# y+<1

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 July 30, 2002, 17:31 y+<1 #1 Valerio Guest   Posts: n/a Hi, some time ago I posted a message asking if somebody knows where the rule of thumb of having one cell below a y+1 for two-equation TMs comes from. I haven't had any reply and I am surprised nobody knows. So I am asking the same question again to see if this time somebody who knows the answer (I don't!) will reply. Thanks again. Valerio

 July 31, 2002, 05:54 Re: y+<1 #2 Pauline Guest   Posts: n/a Hi, I don't know about the rule that y+ has to be below 1. The rules I know are that for the High Reynolds k-e model with the wall function y+ should be around 30 for the near wall cell. The reason for this is that the near wall cell is supposed to be in the log layer (usually in the region of 30 < y+ < 300 - 500) for the wall function to work. The other y+ rule is for the Low Reynolds k-e model. Here the equations for k and e are solved through the boundary layer. The eddy dissipation at the near wall cell is determined with an algebraic function. For this one the y+ value at the near wall cell should be around 1. Again this is necessary for the near wall function to be applicable. I hope that helps a bit.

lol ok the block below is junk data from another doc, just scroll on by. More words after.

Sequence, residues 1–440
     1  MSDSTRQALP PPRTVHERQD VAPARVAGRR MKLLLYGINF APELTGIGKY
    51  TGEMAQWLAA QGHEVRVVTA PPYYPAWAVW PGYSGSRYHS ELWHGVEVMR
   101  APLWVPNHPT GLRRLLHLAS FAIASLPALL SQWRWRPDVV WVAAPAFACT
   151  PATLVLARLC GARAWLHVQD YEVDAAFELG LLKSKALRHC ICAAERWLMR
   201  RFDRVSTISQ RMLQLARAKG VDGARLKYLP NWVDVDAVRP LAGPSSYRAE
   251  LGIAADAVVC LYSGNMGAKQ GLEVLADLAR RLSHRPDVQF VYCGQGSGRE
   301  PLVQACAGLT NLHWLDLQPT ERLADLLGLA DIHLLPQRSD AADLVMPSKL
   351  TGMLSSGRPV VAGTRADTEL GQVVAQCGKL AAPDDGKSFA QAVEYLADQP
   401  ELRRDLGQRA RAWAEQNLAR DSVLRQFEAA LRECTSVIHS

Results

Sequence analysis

August 1, 2002, 16:44 Re: y+<1 #3 Steve Guest   Posts: n/a It is just a guideline rather than a strict relationship, and it may vary for different flows. It definitely varies between different turbulence models. I'd say it was formulated based on grid convergence studies.

 August 5, 2002, 06:30 Re: y+<1 #4 hasan Guest   Posts: n/a hi how are you

 August 8, 2002, 08:08 Re: y+<1 #5 Holidays Guest   Posts: n/a If You are using models that integratyes to the walls (Low Re k-Eps, k_Omega, Menter etc.) you then want small y+ values of the order of 1 or below. In models with wall functions, this is not the case because yuou approximate the flow profile at the walls!

 August 26, 2002, 22:28 Re: y+<1 #6 soupy Guest   Posts: n/a The y+ of one value comes from an understanding of the velocity sub-layer in a viscous flow. The sub-layer corresponds to the region of the flow where the velocity is linear. Hence, having a y+ of roughly one puts your first cell in the linear sub-layer and your solution will be accurate.

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